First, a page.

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Christian René Marie Joseph, Viscount de Duve was a Nobel Prize-winning Belgian cytologist and biochemist. He made serendipitous discoveries of two cell organelles, peroxisome and lysosome, for which he shared the Nobel Prize in Physiology or Medicine in 1974 with Albert Claude and George E. Palade . In addition to peroxisome and lysosome, he invented the scientific names such as autophagy, endocytosis, and exocytosis in a single occasion.

Christian de Duve.tif
de Duve lecturing on the origin of the eukaryotic cell in October 2012
Born Christian René Marie Joseph de Duve
(1917-10-02)2 October 1917
Thames Ditton, Surrey, Great Britain
Died 4 May 2013(2013-05-04) (aged 95)
Grez-Doiceau, Belgium
Residence Belgium
Citizenship Belgian
Nationality Belgium
Fields
Institutions
Alma mater
  • Onze-Lieve-Vrouwecollege
  • Catholic University of Leuven
Known for Cell organelles
Notable awards
Spouse Janine Herman (m. 1943; d. 2008)
Children
  • Two sons, two daughters:
  • Thierry de Duve
  • Alain de Duve
  • Anne de Duve
  • Françoise de Duve
Dutch Queen Beatrix meets 5 Nobel Prize winners: Paul Berg, Christian de Duve, Steven Weinberg, Manfred Eigen, Nicolaas Bloembergen (1983)

Christian René Marie Joseph, Viscount de Duve (2 October 1917 – 4 May 2013) was a Nobel Prize-winning Belgian cytologist and biochemist. He made serendipitous discoveries of two cell organelles, peroxisome and lysosome, for which he shared the Nobel Prize in Physiology or Medicine in 1974 with Albert Claude and George E. Palade ("for their discoveries concerning the structural and functional organization of the cell"). In addition to peroxisome and lysosome, he invented the scientific names such as autophagy, endocytosis, and exocytosis in a single occasion.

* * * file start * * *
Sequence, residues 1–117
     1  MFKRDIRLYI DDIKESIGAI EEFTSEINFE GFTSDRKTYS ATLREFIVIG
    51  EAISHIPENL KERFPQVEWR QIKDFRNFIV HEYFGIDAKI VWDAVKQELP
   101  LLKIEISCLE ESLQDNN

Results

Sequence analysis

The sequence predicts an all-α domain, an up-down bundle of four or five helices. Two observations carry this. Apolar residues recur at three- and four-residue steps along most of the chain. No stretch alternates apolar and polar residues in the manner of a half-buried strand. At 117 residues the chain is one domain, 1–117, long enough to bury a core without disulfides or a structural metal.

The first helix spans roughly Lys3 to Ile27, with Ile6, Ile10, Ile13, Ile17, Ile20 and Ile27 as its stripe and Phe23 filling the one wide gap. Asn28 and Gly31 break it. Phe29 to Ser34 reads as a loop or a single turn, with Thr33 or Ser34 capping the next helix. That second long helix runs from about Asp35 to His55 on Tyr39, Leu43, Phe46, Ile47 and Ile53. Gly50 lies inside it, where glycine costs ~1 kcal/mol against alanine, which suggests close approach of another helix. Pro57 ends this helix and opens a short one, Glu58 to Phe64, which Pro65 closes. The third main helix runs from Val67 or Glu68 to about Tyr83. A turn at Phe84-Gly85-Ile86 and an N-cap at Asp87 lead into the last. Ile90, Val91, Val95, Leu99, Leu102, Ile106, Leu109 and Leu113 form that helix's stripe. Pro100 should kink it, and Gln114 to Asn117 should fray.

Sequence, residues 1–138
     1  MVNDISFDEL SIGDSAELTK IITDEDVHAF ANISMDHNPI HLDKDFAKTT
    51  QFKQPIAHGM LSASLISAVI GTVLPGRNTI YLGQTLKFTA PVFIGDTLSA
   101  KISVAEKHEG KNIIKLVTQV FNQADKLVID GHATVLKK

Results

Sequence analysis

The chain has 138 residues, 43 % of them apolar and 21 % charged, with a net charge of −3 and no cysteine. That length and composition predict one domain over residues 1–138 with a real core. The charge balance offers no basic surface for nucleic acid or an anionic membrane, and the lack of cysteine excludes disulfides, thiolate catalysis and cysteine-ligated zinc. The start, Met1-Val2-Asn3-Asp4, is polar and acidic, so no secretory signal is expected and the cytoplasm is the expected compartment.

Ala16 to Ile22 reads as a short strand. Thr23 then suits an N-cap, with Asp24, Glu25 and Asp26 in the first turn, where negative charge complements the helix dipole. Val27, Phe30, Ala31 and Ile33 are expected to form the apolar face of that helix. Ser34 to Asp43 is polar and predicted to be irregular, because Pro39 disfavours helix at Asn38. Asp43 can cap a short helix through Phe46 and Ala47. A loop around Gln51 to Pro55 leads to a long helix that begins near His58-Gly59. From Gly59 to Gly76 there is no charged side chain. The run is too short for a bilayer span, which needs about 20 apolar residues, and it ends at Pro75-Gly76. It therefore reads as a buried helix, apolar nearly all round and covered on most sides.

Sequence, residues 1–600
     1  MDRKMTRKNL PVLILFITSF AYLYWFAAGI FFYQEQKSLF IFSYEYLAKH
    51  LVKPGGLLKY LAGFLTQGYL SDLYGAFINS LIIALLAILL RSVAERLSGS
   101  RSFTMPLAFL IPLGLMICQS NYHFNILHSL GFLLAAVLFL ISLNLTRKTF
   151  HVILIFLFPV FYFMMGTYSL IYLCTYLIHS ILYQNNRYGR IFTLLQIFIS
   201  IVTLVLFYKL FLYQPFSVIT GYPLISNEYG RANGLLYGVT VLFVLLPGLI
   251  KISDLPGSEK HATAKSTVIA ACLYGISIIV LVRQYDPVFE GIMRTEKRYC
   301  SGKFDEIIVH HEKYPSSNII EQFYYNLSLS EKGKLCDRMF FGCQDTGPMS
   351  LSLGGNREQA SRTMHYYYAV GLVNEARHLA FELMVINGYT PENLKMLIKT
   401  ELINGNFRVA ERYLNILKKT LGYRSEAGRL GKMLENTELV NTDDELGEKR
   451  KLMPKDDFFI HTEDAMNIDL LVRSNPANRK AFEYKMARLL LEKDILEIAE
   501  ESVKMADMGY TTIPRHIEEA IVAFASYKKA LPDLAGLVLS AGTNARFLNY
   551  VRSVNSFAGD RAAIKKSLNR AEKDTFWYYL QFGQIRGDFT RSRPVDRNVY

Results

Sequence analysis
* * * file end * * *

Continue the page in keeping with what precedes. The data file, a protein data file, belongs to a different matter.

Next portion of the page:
A son of Belgian refugees during the First World War, de Duve was born in Thames Ditton, Surrey, Great Britain. His family returned to Belgium in 1920. He was educated by the Jesuits at Onze-Lieve-Vrouwinstituut in Antwerp, and studied medicine at the Catholic University of Leuven. Upon earning his MD in 1941, he joined research in chemistry, working on insulin and its role in diabetes mellitus. His thesis earned him the highest university degree agrégation de l'enseignement supérieur (equivalent to PhD) in 1945. With his work on the purification of penicillin, he obtained an MSc degree in 1946. He went for further training under (later Nobel Prize winners) Hugo Theorell at the Karolinska Institutet in Stockholm, and Carl and Gerti Cori at the Washington University in St. Louis. He joined the faculty of medicine at Leuven in 1947. In 1960 he was invited to the Rockfeller Institute (now Rockefeller University). With mutual arrangement with Leuven, he became professor in both universities from 1962, dividing his time between Leuven and New York. He became emeritus professor of Leuven university in 1985, and of Rockefeller in 1988.

De Duve was decorated with Viscount in 1989 by King Baudouin of Belgium. He was also a recipient of Francqui Prize, Gairdner Foundation International Award, Heineken Prize, and E. B. Wilson Medal. In 1974 he founded the International Institute of Cellular and Molecular Pathology in Brussels, eventually renamed the de Duve Institute in 2005. He was the founding President of the L'Oréal-UNESCO Awards for Women in Science.

He died on 4 May (Saturday) 2013 by self-induced euthanasia in the presence of all of his children.

Ultimate Reality of Christian de Duve

Christian de Duve (1917-2013) was a Belgian biochemist, best known for his work on understanding and categorising subcellular organelles. He won the Nobel ...

Rencontre avec Christian de Duve, prix Nobel de physiologie ou médecine 1974

Sabine Ringelheim rencontre Christian de Duve, prix Nobel de physiologie ou médecine 1974.

Christian de Duve - The discovery of lysosomes (42/106)

Belgian biochemist Christian de Duve (1917-2013) was best known for his work on understanding and categorising subcellular organelles. He won the Nobel ...

Christian de Duve : un message aux générations actuelles et futures

Dans un entretien vidéo, Christian de Duve (1917-2013), Prix Nobel de Médecine (1974), a absolument tenu à ajouter un message, à l'adresse des générations ...

Origin, Evolution, and the Future of Life on Earth

Roundtable discussion with Christian de Duve, James P. Ferris, Colin McGinn, Edward Nersessian, Mark Norell, and Robert Pollack.

Christian de Duve - Vital Dust: The Origin and Evolution of Life on Earth (82/106)

Belgian biochemist Christian de Duve (1917-2013) was best known for his work on understanding and categorising subcellular organelles. He won the Nobel ...